John Hannah, a professor at Dallas Theological Seminary, tells a story about Martin Luther, the father of the Protestant Reformation:
Early in their marriage, Martin Luther’s wife watched him battle bouts of depression, even question God’s willingness or ability to help him through a difficult trial. Without saying a word, she donned a black dress and veil, reserved for times of mourning. When Luther asked why she was dressed that way, she commented, “Because God is dead. It’s obvious by the way you're acting.”
Paul writes in Romans 5:3-4 that “we know that suffering produces perseverance.” On the face of it, his words seem to make little sense. In my experience, suffering tends to produce quitting. Several years ago as a professor in a
Christian college I witnessed incoming freshman students stand up in chapel and give glowing testimonies of their certainty that they had arrived in the center of God’s will by coming to a Christian college. A few weeks later I was not surprised to counsel the same students as they nearly wept in my office over the results of their first mid-term exams and questioned if perhaps God’s will for their life was for them to leave the college and get a job flipping burgers instead.
Quitting is easy, and becoming discouraged is easy. Martin Luther and college freshman are not the only people who have thought that maybe they should just give up. Moses received a calling from God of the sort that most of us can only dream of: God appeared in a burning bush, gave him a couple of miracles to perform, and ordered him to rescue the enslaved Israelites from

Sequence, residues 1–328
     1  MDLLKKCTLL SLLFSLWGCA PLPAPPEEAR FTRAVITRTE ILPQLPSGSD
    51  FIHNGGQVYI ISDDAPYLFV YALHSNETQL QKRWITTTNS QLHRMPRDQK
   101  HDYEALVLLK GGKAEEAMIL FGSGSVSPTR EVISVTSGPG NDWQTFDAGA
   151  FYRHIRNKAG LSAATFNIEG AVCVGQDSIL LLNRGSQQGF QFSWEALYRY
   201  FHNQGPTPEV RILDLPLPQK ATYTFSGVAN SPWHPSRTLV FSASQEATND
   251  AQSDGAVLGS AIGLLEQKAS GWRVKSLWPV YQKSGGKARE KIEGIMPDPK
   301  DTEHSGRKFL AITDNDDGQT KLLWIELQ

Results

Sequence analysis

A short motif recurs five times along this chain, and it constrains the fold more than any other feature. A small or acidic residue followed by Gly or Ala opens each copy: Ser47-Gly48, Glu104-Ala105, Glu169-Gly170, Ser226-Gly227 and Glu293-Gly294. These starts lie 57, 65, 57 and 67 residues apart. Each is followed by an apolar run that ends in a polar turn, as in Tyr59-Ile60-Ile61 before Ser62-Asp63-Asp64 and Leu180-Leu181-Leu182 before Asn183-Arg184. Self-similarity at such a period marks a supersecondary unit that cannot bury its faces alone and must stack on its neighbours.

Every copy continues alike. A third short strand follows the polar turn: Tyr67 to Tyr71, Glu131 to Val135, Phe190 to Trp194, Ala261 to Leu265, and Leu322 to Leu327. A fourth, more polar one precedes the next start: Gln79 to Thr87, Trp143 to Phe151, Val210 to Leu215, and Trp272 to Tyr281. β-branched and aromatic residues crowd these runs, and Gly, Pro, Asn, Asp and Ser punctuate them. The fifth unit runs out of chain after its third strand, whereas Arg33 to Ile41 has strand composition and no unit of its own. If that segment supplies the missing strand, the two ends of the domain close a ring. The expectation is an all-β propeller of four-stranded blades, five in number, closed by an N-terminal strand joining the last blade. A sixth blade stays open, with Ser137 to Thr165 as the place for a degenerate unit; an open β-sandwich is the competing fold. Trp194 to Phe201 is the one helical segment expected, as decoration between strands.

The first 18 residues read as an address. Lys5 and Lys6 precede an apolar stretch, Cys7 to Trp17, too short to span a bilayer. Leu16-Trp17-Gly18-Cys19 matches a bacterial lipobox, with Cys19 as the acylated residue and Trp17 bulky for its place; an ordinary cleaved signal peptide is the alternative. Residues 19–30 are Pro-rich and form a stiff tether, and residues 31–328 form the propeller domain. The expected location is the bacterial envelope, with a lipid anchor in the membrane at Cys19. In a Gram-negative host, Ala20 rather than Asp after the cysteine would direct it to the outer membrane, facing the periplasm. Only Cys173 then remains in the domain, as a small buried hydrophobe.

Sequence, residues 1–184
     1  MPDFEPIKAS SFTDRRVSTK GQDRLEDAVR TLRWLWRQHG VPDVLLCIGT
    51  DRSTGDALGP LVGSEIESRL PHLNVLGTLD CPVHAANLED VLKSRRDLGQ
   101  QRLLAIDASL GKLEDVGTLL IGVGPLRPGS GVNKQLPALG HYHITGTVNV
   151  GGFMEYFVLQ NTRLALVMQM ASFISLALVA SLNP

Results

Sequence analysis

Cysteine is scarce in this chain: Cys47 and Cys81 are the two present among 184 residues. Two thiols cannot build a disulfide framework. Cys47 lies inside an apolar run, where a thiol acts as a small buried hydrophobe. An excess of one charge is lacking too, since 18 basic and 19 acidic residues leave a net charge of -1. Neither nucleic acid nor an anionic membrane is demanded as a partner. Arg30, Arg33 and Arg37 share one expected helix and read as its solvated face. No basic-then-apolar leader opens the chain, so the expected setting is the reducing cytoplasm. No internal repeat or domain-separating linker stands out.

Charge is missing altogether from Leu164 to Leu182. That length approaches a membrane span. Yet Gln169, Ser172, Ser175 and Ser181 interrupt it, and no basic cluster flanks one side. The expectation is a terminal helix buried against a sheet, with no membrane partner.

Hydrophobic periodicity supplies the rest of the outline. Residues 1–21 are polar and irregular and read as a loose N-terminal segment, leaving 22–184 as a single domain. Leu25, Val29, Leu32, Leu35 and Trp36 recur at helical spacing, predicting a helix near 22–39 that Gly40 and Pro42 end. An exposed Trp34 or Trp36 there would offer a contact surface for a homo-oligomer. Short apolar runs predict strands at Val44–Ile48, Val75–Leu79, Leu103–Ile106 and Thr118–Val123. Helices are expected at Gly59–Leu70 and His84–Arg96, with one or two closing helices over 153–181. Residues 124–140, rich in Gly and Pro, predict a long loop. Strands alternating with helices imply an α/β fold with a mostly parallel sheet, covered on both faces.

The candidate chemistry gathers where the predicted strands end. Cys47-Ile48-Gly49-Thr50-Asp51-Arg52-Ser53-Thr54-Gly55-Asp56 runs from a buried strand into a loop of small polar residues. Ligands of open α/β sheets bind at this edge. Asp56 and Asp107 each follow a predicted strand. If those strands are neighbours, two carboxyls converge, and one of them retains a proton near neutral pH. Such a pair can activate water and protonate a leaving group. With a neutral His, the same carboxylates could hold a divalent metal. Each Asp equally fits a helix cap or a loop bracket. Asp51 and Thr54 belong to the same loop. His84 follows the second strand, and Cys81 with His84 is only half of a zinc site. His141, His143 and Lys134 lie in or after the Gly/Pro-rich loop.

Egypt. Although reluctant to go, he finally got back down in Egypt and enthusiastically announced to the slaves that he’d come to rescue them. They were under whelmed, but willing to feel a bit of hope. Moses then performed for the pharaoh, telling him that God wanted his people set free. He did his tricks with the staff turning into a snake and his hand into a leprous, diseased thing.
Pharaoh responded by oppressing the slaves even harder, so that they denounced Moses for having increased their misery.
Miserable now himself, he complained to God that everything that God had instructed him to do was only making things worse.
God comforted Moses by simply telling him to be patient.
Moses would experience one failure after another in the next nine attempts to free the people of
Israel. Only after the tenth attempt—a plague that slaughtered the firstborn of Egypt—did the pharaoh finally relent and release the people.
Moses had to persevere. It might have been easy after the plague of hail, for instance, to just throw in the towel. “Look God, there’s been blood in the water, frogs everywhere, annoying gnats, clinging darkness—and has even one Israelite been set free? The pharaoh hates me, the people of
Israel hate me, and we’re not any freer than when I started all of this. It’s just the same thing over and over again and no payoff. I give up.”